Latest update: May 9th, 2013
I have long had a pet peeve about the vulgar misuse and distortion of the Jewish concept of Tikkun Olam (repair of the world) by assimilationist Jewish liberals in the United States and elsewhere.
Elements of American Jewry have fallen captive to what can only be described as Tikkun Olam Paganism. Tikkun Olam Pagans are people who misrepresent Judaism as nothing more and nothing less than the pursuit of the liberal social action political agenda, all in the name of a suitably misrepresented Tikkun Olam.
Tikkun Olam is the banner waved by the countless “social action” committees at synagogues across America and in other liberal Jewish circles in support of liberal-leftist causes, including some that are harmful to Jews and some that are just plain wacky.
The Tikkun Olam Pagans’ pseudo-religion consists of the following reductionist “theological” foundations:
1. Judaism in its entirety is essentially the advocacy and promotion of social justice.
2. Tikkun Olam means pursuit of peace, environmentalism and economic equality.
3. Justice, peace and equality are synonymous with this week’s PC liberal-leftist political fads.
Ipso facto, all of Judaism is reduced to the pursuit of being a nice liberal. Now, as it turns out, each one of the propositions listed above is totally false.
This Judaism-as-Liberalism form of reductionism is extremely common in the Reform synagogue (especially its misnamed Religious Action Center) and is universal in the Reconstructionist movement. It is popular among many Conservative Jews and even has its Orthodox advocates.
A search for the term Tikkun Olam on the Internet will show you how near-universal is the equating of this concept with liberal “social activism.” Even the far-left anti-Israel magazine Tikkun, published by “Rabbi” Michael Lerner, has misnamed itself after the concept. Indeed Tikkun magazine has even advocated the use of illegal psychedelic drugs by Jews and demanded that Jews understand Osama bin Laden’s “pain, ” all in the name of Tikkun Olam.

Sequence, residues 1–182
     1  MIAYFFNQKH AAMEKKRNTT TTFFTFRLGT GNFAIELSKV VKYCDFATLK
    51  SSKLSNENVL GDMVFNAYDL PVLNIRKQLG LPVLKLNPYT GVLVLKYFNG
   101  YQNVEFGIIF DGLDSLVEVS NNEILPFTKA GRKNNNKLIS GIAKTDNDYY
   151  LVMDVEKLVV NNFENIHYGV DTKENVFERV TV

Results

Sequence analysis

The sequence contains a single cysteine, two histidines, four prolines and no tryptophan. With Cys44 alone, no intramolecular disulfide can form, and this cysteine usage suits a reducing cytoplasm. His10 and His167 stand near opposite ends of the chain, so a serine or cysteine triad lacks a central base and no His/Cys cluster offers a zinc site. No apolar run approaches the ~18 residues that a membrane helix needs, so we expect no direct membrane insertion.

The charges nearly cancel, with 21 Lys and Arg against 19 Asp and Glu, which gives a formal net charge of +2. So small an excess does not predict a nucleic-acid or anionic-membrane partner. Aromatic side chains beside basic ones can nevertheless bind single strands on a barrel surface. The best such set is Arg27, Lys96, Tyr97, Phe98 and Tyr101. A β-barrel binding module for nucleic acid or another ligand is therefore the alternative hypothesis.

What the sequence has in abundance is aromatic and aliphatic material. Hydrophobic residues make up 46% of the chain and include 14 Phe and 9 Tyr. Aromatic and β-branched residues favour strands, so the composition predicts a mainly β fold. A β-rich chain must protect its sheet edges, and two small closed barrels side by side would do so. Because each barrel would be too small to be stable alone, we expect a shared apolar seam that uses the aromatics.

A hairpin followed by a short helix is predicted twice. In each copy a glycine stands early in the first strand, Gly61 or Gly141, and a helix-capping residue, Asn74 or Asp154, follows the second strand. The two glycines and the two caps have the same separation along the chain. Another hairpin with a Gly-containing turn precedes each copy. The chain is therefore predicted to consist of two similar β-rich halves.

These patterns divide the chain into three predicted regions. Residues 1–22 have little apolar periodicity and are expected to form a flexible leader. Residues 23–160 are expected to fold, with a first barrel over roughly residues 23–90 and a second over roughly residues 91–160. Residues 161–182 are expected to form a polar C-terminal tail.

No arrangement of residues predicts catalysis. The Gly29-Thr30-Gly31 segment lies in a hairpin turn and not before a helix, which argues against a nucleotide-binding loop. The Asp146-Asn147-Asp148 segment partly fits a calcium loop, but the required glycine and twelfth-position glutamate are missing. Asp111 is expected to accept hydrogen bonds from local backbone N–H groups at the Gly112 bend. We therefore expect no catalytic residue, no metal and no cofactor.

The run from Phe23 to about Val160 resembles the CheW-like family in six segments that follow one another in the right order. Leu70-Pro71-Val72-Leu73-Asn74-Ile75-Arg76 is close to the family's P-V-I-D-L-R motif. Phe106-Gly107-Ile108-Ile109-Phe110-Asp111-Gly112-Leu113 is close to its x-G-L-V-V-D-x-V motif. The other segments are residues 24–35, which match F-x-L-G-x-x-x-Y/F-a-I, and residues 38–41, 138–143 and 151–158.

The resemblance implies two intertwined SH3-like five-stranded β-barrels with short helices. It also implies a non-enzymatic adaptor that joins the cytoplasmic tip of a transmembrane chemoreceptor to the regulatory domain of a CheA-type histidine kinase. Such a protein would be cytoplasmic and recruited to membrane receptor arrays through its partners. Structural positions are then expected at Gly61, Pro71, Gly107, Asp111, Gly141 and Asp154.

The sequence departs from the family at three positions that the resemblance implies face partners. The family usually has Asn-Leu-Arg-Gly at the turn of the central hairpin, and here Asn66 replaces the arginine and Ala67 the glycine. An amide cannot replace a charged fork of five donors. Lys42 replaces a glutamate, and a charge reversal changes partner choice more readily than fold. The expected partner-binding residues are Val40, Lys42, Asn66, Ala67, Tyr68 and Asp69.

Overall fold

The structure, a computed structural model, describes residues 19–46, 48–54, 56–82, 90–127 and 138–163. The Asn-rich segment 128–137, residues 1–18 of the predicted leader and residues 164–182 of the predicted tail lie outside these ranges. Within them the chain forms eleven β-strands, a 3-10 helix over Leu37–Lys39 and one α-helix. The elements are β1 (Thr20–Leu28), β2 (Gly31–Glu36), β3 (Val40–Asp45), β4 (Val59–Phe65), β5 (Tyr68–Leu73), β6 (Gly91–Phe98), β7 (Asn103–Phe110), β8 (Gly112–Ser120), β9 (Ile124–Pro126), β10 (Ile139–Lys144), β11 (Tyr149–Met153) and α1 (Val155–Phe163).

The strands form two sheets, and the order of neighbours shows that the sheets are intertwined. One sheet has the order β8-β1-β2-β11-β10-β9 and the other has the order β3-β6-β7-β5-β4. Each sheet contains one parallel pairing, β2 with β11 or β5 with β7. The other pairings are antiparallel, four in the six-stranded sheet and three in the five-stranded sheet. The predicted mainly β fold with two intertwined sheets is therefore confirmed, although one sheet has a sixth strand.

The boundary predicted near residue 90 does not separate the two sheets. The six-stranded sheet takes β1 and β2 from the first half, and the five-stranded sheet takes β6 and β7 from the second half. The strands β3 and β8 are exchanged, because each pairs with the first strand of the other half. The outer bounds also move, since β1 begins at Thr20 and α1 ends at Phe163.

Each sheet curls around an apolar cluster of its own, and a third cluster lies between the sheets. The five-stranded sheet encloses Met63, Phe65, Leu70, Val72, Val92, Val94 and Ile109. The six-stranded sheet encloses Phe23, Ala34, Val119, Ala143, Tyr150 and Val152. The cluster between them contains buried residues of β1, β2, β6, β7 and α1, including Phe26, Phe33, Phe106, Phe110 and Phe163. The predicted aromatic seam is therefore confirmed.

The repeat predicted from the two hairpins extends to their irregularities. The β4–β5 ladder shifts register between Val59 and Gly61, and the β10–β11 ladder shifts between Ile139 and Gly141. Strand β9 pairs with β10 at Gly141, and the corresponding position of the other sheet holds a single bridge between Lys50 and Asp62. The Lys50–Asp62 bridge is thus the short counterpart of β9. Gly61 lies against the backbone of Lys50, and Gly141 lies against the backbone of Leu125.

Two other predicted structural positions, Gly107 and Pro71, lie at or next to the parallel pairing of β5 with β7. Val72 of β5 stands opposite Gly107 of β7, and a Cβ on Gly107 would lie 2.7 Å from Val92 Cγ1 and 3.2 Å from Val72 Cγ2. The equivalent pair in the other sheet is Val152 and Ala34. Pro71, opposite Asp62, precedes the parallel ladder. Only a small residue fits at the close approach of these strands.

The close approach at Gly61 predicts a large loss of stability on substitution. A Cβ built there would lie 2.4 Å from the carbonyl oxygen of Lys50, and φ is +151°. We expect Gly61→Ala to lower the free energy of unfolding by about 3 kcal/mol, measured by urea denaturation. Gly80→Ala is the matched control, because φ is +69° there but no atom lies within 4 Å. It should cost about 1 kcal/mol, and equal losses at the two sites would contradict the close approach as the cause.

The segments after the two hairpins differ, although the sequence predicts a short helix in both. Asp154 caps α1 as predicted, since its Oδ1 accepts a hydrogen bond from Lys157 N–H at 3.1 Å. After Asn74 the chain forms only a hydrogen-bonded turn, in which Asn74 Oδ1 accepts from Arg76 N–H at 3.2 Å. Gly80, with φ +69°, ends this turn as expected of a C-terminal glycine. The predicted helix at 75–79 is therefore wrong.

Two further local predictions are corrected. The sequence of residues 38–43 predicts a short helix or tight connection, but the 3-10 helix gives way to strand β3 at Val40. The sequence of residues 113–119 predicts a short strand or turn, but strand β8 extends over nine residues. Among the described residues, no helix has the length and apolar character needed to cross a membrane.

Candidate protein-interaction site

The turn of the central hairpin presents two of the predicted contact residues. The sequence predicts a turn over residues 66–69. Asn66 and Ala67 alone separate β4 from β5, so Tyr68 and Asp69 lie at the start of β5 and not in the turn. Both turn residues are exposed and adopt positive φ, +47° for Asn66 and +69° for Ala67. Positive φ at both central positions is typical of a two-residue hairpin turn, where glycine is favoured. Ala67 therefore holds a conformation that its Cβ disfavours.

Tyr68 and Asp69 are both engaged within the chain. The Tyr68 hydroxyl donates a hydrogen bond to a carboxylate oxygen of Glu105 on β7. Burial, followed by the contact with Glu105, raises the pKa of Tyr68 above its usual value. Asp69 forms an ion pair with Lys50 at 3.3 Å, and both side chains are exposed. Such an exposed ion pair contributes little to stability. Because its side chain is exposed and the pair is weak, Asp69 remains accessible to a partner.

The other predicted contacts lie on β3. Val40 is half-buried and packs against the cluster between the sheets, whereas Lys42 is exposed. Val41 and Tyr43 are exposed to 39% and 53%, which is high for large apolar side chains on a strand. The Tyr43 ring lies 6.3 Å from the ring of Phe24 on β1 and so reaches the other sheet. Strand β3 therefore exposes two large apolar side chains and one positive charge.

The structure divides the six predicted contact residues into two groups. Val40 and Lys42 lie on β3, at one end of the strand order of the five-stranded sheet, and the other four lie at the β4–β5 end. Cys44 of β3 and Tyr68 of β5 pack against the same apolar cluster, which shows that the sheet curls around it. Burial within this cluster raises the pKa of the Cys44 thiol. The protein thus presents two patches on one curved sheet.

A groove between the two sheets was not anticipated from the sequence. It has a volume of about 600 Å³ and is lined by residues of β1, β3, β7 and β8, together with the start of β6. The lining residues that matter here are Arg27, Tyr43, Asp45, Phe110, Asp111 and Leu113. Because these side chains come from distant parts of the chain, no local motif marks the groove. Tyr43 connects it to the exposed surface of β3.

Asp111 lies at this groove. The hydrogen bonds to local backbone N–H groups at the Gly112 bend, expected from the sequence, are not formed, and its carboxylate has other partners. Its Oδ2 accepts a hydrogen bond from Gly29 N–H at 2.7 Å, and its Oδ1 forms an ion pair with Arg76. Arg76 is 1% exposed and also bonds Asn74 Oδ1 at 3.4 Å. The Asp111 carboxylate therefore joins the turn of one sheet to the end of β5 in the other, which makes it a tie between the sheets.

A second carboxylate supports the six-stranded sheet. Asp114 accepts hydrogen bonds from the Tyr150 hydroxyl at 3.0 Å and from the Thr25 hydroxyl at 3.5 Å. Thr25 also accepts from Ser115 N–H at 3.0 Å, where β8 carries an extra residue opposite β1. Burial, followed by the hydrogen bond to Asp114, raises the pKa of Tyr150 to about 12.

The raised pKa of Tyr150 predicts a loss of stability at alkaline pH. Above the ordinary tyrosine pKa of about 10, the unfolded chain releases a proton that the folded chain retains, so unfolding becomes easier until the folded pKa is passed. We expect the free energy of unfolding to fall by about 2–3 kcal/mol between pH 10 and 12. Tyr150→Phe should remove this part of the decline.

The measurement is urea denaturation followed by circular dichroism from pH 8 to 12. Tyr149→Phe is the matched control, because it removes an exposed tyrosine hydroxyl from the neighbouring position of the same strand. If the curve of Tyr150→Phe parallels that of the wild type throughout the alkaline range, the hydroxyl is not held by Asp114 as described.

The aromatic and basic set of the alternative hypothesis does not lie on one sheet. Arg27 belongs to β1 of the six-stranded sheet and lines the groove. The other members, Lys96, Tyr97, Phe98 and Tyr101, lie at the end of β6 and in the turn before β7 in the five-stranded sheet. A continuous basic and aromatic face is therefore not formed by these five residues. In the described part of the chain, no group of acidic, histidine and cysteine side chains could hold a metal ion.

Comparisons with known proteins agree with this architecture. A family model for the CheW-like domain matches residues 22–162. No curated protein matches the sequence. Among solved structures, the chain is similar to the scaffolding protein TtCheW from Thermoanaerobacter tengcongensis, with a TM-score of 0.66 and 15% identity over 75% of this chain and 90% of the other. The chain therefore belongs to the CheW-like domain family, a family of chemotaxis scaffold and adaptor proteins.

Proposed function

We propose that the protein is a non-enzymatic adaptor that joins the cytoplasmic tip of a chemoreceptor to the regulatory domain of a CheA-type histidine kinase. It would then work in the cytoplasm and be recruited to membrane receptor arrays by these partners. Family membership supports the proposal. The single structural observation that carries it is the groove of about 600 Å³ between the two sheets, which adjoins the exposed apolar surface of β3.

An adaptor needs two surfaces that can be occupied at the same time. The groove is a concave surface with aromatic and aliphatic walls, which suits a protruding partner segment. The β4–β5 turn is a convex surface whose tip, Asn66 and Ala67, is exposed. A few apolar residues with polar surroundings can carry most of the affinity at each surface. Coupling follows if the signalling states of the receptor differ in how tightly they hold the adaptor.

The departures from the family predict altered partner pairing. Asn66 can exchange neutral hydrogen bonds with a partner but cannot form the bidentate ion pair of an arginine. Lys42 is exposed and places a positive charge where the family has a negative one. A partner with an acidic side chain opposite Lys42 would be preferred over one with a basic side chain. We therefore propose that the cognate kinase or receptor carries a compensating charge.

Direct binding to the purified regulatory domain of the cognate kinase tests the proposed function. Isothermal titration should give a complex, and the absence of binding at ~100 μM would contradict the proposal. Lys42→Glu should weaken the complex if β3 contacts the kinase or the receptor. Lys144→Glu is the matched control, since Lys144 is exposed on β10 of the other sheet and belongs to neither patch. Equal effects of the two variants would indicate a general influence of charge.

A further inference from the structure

The equation of Tikkun Olam with liberal political activism is so commonplace that it is recited as ethical basis by many of the same liberal “social activists” who cannot recite the Shema prayer correctly, who practice no Jewish ritual, and have no idea of what any other concepts are in Judaism. For a nice laugh, ask some of these people to explain even one basic Jewish concept other than Tikkun Olam.
But a clarification is in order. Tikkun Olam does indeed play an important role in Jewish theology and ethics, but its meaning is nothing like that understood by the Tikkun Olam Pagans. Tikkun Olam, the “correcting” of the universe, has little if anything to do with things like social inequality, environmental cleanliness, and distribution of wealth and jobs. Rather, it refers to the Messianic era when G-d’s laws will replace human laws, when G-d himself will be the acknowledged earthly ruler, when all forms of idolatry will cease and all will turn their hearts to the One G-d.
In other words, Tikkun Olam is a theological notion and not a trendy socioeconomic or political one. Tikkun Olam is mentioned in a major place in the Aleinu prayer that closes all prayer sessions, but again it is conjunction with the wish to see idolatry and paganism erased from the earth. There is no mention of “social justice” or environmentalist issues, no gun control proposals and no AIDS marches. This will no doubt come as a rude surprise to Jewish assimilationist liberals.
It is all the more ironic that Tikkun Olam is dredged up as underpinning for some forms of “activism” that are themselves little more than idolatry, such as the worshiping of trees, whales and nature in the name of “Eco-Judaism” by some radical Jewish environmentalists.
Even if one believed a certain amount of “social justice” could be squeezed under the Tikkun Olam theological umbrella, this would hardly justify the hijacking of the concept as artillery support for the liberal-leftist political agenda. At most, Tikkun Olam can only be conscripted as support for liberal social activism if one believes that this activism really promotes social justice. If it does promote social justice, then the incantations regarding Tikkun Olam are superfluous — the “causes” are justified on their own merits.